For residents, business owners and community-based groups in Venice that are looking for some extra funding for a project to improve the community, the Venice Neighborhood Council might be the source they are looking for.
Wanting to have a more “formalized” system of allocating its funding from the City of Los Angeles, the Venice Neighborhood Council has decided to open up the process to the community, allowing stakeholders and organizations to apply for project funding.
Each of the 89 certified Neighborhood Councils in Los Angeles receives $50,000 each year from the city Department of Neighborhood Empowerment. The councils can each decide how to allocate their funding in their own way, as some choose to spend it on community functions or neighborhood improvement projects.
While some Neighborhood Councils spend a big chunk of their funding on various projects in a given year, others are more thrifty, allowing them to carry over funds into their annual budget. However, if the funds that are carried over are not spent after three years, the money would be returned to the city, according to the Department of Neighborhood Empowerment.
This year, Venice Neighborhood Council members have announced that they have $40,000 in city funding available for community improvement projects and are encouraging people who may need project funding to apply.
The application process, which was proposed by the Neighborhood Council Neighborhood Committee, will provide a more organized method of allocating money to community projects, Neighborhood Council vice president Linda Lucks said.
“We haven’t had a procedure in the past, so we decided to do it formally,” Lucks, a Neighborhood Committee member, said of the spending policy.
Applications will be accepted from Venice community stakeholders and community-based organizations, such as homeowners associations, business improvement districts and religious-based organizations, with a maximum of $5,000 being awarded per project. Stakeholders are defined as anyone who lives, works or owns property in Venice.
The projects for which the applicant can seek funding must build community through the implementation process and enhance the neighborhood once they are complete, according to the Neighborhood Council. Examples of potential projects are beautification, art, education and capital improvement projects.
All applications will be reviewed by the Venice Neighborhood Council and three copies must be submittted, postmarked by Saturday, March 1st. The project work must be completed within the fiscal year between August and July 31st, next year.
While other local Neighborhood Councils, such as in Palms, have developed similar methods of disbursing their funding to stakeholders, the Venice council is hoping to set a trend for more councils to do so, said Lucks.
“Hopefully we’re taking the lead on a fair way to do it,” said Lucks, who is also a member of the city Board of Neighborhood Commissioners.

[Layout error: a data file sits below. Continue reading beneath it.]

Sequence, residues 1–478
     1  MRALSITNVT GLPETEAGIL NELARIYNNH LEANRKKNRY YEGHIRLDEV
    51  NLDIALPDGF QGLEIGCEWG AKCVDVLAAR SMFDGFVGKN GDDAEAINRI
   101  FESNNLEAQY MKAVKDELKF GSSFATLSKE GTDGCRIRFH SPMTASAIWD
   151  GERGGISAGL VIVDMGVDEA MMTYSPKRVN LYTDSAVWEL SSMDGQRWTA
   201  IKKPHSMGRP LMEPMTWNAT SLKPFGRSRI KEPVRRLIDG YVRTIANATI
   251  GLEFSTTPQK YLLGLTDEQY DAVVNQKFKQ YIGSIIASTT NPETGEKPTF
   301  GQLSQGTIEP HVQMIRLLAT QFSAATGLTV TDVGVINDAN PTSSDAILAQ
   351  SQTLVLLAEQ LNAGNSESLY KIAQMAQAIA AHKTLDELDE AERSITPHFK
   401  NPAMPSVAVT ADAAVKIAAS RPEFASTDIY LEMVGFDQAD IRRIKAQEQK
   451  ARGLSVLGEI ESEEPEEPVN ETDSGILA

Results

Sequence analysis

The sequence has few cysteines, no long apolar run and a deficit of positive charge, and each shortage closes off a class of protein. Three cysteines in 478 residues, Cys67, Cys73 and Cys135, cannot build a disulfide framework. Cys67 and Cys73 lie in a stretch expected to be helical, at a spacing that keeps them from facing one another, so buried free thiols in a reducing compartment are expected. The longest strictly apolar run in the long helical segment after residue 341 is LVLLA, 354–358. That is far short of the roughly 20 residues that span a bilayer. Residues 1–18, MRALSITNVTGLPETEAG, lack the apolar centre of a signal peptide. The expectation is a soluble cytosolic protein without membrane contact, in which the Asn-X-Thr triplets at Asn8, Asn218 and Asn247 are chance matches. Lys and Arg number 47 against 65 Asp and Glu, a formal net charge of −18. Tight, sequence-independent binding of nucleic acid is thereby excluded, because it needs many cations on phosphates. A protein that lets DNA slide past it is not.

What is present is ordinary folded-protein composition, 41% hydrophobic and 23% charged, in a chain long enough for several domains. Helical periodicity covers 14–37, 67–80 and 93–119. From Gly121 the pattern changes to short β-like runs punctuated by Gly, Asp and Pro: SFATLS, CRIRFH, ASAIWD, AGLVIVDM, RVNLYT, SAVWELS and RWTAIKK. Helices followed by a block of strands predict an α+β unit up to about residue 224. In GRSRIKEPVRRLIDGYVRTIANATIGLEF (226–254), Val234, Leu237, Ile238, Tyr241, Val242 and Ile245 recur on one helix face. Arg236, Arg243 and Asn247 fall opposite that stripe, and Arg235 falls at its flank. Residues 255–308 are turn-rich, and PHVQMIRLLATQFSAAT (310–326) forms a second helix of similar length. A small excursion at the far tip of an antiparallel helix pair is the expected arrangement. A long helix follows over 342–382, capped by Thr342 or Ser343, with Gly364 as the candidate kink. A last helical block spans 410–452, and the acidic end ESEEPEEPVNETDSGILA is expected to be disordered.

Venice Neighborhood Council president Mike Newhouse agreed, saying that other councils can hopefully look at the Venice plan as a “model.”
By allowing people in the community to apply for needed project funding, the Neighborhood Council is sending a message that it is there to help, Lucks added.
“It shows that the Neighborhood Council is really there for the people,” Lucks said. “That’s our goal — to get more people to participate.”
Newhouse noted that the council devised the application plan as a way to increase outreach and get more community members involved in the process.
“I think it will broaden the scope of folks who think that the Neighborhood Council is useful to them,” Newhouse said. “We’re here to make the community better and we want you involved.”
Former Venice Neighborhood Council president DeDe Audet also praised the funding application process for triggering more community involvement with the council.
“If this doesn’t bring in more interest to the Neighborhood Council, I don’t know what else we can do,” Audet said. “I think it’s a wonderful opportunity for people to gather in their neighborhood under their neighborhood leaders to work on these things and think positively about what they can do to provide for Venice.”
More of the councils seem to be heading in the same direction as Venice by encouraging stakeholders to apply for project funding, said Kevin McNeely, administrator for the Neighborhood Council funding program.
“It’s a systematic attempt by [the Neighborhood Councils] to reach more people in the community,” McNeely said. “It’s a real positive direction.”
Audet added that building more community involvement can only improve the Neighborhood Councils.
“The most successful Neighborhood Councils are the ones who gain the most interest and support of the stakeholders,” Audet said.
Once the applications are received, the Neighborhood Committee will review them and make recommendations to the full Neighborhood Council, which plans to make the final selections at its meeting in June. The applications will be reviewed on various criteria, including budget, work plan and how many people will benefit.
All projects must conform to the funding guidelines of the Department of Neighborhood Empowerment, which has final discretion on whether the project is clearly beneficial to the community.
The application forms will be distributed at various locations in the community, including the Venice Library, Oakwood Recreation Center, and on the Venice council Web site at www.venice nc.org/.
A public forum is also scheduled in March for all applicants to present their project proposal to the community.
Information, the council Web site listed above.